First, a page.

This page is for those who are interested in taking part in my research project as an interviewee, please continue reading for more information and feel free to email me if you have any questions,
Project title: Remembering the Nuclear Everyday: Uncovering, Understanding, and Disassembling an Emotional History of Britain’s Nuclear Bomb, 1945-1989 and Beyond.
Before you decide whether to participate in this research study, it is important for you to understand why the research is being done and what it will involve. Please take time to read the following information carefully and feel free to ask if you would like more information or if there is anything that you do not understand. You should only agree to take part if you want to. Thank you for reading this.
What is the purpose of the study?
This is a historical research project that aims to find out more about the emotional history of nuclear Britain from 1945 to 1989, with a particular focus on emotions, and more specifically nuclear anxiety. I hope to research the experience of everyday life under the nuclear threat during this period. Many histories exist on the Cold War and Britain, but few have written on the emotional history of everyday people during this time. The project hopes to expand our historical knowledge of the Cold War.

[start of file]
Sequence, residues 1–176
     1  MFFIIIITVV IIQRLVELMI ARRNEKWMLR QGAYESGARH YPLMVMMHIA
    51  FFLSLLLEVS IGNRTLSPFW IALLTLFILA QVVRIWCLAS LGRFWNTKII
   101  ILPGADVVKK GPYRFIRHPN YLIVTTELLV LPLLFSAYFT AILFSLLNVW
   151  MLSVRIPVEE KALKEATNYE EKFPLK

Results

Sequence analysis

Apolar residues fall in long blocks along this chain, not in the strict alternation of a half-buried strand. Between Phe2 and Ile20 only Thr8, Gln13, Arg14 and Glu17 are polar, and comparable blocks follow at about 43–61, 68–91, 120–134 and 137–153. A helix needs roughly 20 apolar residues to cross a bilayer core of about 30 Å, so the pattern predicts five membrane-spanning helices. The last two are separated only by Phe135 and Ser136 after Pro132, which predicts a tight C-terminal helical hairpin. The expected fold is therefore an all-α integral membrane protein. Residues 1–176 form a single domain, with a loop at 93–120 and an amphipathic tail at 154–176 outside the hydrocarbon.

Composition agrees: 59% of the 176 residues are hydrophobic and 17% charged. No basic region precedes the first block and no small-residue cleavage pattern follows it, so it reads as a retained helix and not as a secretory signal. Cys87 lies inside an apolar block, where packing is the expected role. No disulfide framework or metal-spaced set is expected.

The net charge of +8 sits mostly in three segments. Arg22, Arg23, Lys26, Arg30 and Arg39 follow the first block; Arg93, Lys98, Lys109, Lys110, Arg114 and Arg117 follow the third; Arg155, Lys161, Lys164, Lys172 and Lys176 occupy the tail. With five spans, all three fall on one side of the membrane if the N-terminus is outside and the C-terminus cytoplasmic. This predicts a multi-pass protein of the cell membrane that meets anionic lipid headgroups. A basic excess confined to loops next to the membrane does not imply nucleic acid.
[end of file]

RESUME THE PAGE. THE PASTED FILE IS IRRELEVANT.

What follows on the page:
Can I take part?
The project wishes to gain the day-to-day historical perspective and as a result, interviews are the best way of doing this. If you lived in Belfast, London, Glasgow, Liverpool, or Cardiff (or their surrounding areas) at any time throughout the Cold War, then you may take part in the research project.
Do I have to take part?
Participation is entirely voluntary and you are free to withdraw at any time.
What will happen if I take part?
If you agree to take part, an interview will be arranged for some time in the near future. This interview will look at various aspects of everyday life over a reasonably large period of time. Interviews will be highly informal, at a location of your choosing. Facilities on the University of Liverpool’s campus can be made available if desired. Interviews can be done with another person (family members etc.) present if you feel uncomfortable interviewing alone, or if you feel their testimony would also be of worth to the project. You will be asked about your memories from the time period; including family life, work life, leisure activities and what you can recall about the city itself (depending if you have memories from the following cities: Belfast, Liverpool, London, Cardiff, and Glasgow). Please feel free to bring along old photographs or other memorabilia. This will be recorded using a voice recorder. Interviews can be as short or as long as you wish.
Depending on how the project develops, follow-up interviews which go into more detail on specific topics may be sought. However, this will again be entirely voluntary.
Reasonable travel expenses will be covered depending on where you wish to conduct the interview. Please keep your receipts, bus tickets etc. so that reimbursement can be arranged.
Are there any risks in taking part?